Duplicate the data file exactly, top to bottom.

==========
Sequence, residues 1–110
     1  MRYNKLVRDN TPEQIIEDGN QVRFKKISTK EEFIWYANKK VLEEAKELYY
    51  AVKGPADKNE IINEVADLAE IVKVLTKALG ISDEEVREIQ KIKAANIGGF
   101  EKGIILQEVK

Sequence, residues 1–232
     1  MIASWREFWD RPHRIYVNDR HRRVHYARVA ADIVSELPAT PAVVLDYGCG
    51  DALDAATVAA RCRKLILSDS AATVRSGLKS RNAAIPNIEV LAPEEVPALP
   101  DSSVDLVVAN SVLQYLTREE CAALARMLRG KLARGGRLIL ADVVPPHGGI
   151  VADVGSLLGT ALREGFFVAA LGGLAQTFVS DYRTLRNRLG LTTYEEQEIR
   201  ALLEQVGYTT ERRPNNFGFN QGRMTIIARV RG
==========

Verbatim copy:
Sequence, residues 1–110
     1  MRYNKLVRDN TPEQIIEDGN QVRFKKISTK EEFIWYANKK VLEEAKELYY
    51  AVKGPADKNE IINEVADLAE IVKVLTKALG ISDEEVREIQ KIKAANIGGF
   101  EKGIILQEVK

Sequence, residues 1–232
     1  MIASWREFWD RPHRIYVNDR HRRVHYARVA ADIVSELPAT PAVVLDYGCG
    51  DALDAATVAA RCRKLILSDS AATVRSGLKS RNAAIPNIEV LAPEEVPALP
   101  DSSVDLVVAN SVLQYLTREE CAALARMLRG KLARGGRLIL ADVVPPHGGI
   151  VADVGSLLGT ALREGFFVAA LGGLAQTFVS DYRTLRNRLG LTTYEEQEIR
   201  ALLEQVGYTT ERRPNNFGFN QGRMTIIARV RG